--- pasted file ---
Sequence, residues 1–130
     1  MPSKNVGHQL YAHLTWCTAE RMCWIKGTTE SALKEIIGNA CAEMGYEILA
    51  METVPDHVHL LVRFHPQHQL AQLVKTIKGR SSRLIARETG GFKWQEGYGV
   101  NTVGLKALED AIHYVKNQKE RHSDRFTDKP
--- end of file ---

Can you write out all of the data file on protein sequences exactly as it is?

Sequence, residues 1–130
     1  MPSKNVGHQL YAHLTWCTAE RMCWIKGTTE SALKEIIGNA CAEMGYEILA
    51  METVPDHVHL LVRFHPQHQL AQLVKTIKGR SSRLIARETG GFKWQEGYGV
   101  NTVGLKALED AIHYVKNQKE RHSDRFTDKP